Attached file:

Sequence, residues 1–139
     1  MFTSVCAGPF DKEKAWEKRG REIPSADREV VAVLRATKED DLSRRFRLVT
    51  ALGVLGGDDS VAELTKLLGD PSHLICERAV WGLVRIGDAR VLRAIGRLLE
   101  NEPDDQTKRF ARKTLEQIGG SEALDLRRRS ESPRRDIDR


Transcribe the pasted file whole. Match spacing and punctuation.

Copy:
Sequence, residues 1–139
     1  MFTSVCAGPF DKEKAWEKRG REIPSADREV VAVLRATKED DLSRRFRLVT
    51  ALGVLGGDDS VAELTKLLGD PSHLICERAV WGLVRIGDAR VLRAIGRLLE
   101  NEPDDQTKRF ARKTLEQIGG SEALDLRRRS ESPRRDIDR